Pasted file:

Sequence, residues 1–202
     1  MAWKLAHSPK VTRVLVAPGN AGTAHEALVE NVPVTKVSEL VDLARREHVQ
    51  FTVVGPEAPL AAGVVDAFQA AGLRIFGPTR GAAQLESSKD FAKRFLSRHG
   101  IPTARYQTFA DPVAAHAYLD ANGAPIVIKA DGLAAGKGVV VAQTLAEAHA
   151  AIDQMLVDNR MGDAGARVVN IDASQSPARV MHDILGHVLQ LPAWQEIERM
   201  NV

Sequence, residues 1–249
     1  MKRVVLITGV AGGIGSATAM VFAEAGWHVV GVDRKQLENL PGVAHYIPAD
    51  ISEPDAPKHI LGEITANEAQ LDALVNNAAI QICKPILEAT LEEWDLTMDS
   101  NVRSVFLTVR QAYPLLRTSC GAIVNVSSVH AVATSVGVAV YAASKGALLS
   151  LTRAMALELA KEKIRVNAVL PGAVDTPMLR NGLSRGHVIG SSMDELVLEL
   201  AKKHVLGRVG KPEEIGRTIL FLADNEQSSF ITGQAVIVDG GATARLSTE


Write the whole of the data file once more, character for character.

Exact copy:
Sequence, residues 1–202
     1  MAWKLAHSPK VTRVLVAPGN AGTAHEALVE NVPVTKVSEL VDLARREHVQ
    51  FTVVGPEAPL AAGVVDAFQA AGLRIFGPTR GAAQLESSKD FAKRFLSRHG
   101  IPTARYQTFA DPVAAHAYLD ANGAPIVIKA DGLAAGKGVV VAQTLAEAHA
   151  AIDQMLVDNR MGDAGARVVN IDASQSPARV MHDILGHVLQ LPAWQEIERM
   201  NV

Sequence, residues 1–249
     1  MKRVVLITGV AGGIGSATAM VFAEAGWHVV GVDRKQLENL PGVAHYIPAD
    51  ISEPDAPKHI LGEITANEAQ LDALVNNAAI QICKPILEAT LEEWDLTMDS
   101  NVRSVFLTVR QAYPLLRTSC GAIVNVSSVH AVATSVGVAV YAASKGALLS
   151  LTRAMALELA KEKIRVNAVL PGAVDTPMLR NGLSRGHVIG SSMDELVLEL
   201  AKKHVLGRVG KPEEIGRTIL FLADNEQSSF ITGQAVIVDG GATARLSTE